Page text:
Jesus answered and said to them, “Destroy this temple, and in three days I will raise it up.”—John 2:19
Christ was the foundation and life of the temple. Its services were typical of the sacrifice of the Son of God. The priesthood was established to represent the mediatorial character and work of Christ. The entire plan of sacrificial worship was a foreshadowing of the Saviour’s death to redeem the world. There would be no efficacy in these offerings when the great event toward which they had pointed for ages was consummated.
Since the whole ritual economy was symbolical of Christ, it had no value apart from Him. When the Jews sealed their rejection of Christ by delivering Him to death, they rejected all that gave significance to the temple and its services. Its sacredness had departed. It was doomed to destruction. From that day sacrificial offerings and the service connected with them were meaningless. Like the offering of Cain, they did not express faith in the Saviour. In putting Christ to death, the Jews virtually destroyed their temple. When Christ was crucified, the inner veil of the temple was rent in twain from top to bottom, signifying that the great final sacrifice had been made, and that the system of sacrificial offerings was forever at an end.
“In three days I will raise it up.” In the Saviour’s death the powers of darkness seemed to prevail, and they exulted in their victory. But from the rent sepulcher of Joseph, Jesus came forth a conqueror. “Having spoiled principalities and powers, He made a show of them openly, triumphing over them” (Colossians 2:15). By virtue of His death and resurrection He became the minister of the “true tabernacle, which the Lord pitched, and not man” (Hebrews 8:2). Human beings reared the Jewish tabernacle; humans builded the Jewish temple; but the sanctuary above, of which the earthly was a type, was built by no human architect. “Behold the Man whose name is The Branch…. He shall build the temple of the Lord; and He shall bear the glory, and shall sit and rule upon His throne; and He shall be a priest upon His throne” (Zechariah 6:12, 13).—The Desire of Ages, 165, 166.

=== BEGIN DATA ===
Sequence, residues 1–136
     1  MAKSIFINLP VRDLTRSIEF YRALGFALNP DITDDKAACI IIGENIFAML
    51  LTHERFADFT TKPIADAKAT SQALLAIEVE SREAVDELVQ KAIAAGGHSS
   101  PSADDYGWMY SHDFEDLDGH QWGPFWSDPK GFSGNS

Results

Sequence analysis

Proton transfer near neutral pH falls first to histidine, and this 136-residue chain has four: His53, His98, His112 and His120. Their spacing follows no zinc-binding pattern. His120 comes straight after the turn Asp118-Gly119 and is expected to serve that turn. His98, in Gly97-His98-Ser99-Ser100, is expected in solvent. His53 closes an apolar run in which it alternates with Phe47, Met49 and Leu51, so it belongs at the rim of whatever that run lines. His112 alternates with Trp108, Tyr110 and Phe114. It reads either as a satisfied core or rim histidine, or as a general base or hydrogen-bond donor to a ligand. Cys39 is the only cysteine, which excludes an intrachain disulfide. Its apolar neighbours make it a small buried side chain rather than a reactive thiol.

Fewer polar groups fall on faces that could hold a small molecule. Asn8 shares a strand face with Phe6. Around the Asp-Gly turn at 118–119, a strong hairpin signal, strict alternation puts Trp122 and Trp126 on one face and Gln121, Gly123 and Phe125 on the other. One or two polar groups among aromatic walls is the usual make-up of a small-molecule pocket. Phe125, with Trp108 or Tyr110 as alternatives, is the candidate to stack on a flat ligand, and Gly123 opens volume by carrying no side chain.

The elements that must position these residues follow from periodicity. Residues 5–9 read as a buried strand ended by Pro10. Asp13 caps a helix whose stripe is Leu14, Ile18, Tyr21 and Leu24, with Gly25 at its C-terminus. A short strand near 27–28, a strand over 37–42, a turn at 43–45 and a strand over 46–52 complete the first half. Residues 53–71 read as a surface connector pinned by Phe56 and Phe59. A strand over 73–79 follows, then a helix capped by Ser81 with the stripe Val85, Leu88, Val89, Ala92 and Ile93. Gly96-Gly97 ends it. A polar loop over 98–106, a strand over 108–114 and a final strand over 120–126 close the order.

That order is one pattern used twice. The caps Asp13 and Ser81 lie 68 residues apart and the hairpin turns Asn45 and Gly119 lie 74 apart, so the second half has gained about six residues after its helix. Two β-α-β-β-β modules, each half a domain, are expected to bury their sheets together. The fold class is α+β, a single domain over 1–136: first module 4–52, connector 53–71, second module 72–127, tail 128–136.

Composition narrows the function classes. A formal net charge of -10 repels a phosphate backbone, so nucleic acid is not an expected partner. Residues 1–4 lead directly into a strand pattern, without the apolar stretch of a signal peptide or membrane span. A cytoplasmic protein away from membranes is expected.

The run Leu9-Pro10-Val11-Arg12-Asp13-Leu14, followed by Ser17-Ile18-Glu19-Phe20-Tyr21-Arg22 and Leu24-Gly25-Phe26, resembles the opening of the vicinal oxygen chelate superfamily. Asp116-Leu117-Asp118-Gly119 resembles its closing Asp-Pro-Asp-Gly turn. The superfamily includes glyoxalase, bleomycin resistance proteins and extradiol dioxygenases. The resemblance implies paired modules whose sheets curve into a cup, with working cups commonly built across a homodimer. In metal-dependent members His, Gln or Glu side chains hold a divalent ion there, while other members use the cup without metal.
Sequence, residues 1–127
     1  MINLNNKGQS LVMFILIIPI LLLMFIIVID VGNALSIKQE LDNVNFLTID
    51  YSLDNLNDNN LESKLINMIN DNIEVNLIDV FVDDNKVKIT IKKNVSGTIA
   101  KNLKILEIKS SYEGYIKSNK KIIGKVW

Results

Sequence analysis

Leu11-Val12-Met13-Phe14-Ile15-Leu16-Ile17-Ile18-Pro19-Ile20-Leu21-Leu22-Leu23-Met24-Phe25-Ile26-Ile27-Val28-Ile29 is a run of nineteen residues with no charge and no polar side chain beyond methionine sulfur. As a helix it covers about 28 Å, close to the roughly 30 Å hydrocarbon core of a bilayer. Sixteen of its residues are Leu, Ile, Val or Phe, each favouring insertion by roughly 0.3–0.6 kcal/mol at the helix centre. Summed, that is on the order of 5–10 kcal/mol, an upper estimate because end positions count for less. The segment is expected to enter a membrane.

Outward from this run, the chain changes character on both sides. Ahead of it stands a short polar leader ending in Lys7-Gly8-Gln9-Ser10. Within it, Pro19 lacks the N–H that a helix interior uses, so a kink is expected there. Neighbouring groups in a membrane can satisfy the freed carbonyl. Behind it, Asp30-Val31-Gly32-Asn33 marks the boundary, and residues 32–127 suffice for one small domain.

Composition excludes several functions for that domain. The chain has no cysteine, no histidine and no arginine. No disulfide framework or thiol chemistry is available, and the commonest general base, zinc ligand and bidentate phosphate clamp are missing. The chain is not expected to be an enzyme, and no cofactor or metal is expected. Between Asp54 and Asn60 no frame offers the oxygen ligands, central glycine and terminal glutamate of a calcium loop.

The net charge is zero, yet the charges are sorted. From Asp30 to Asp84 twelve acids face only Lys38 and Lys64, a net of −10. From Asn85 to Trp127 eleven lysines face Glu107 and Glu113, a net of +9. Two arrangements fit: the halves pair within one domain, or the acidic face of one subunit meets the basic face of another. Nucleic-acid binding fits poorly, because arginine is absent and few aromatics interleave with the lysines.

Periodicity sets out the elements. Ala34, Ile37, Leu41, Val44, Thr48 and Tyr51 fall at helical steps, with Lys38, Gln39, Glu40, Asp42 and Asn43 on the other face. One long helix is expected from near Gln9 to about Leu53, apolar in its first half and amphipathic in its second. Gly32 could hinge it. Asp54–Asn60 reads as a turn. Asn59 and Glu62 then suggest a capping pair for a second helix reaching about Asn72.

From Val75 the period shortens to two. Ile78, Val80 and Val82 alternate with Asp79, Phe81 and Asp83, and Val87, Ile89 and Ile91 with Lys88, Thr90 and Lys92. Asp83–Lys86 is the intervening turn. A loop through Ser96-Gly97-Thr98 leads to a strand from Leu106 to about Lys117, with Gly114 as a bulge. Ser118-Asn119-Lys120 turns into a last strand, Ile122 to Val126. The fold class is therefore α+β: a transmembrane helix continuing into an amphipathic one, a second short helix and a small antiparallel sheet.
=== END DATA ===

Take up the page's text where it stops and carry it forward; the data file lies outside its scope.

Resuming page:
Further Reflection: Satan believed that his plan to kill Jesus would end God’s plan of salvation for humanity. It resulted in the opposite. How has God used moments of suffering to bring about even greater blessings in my life?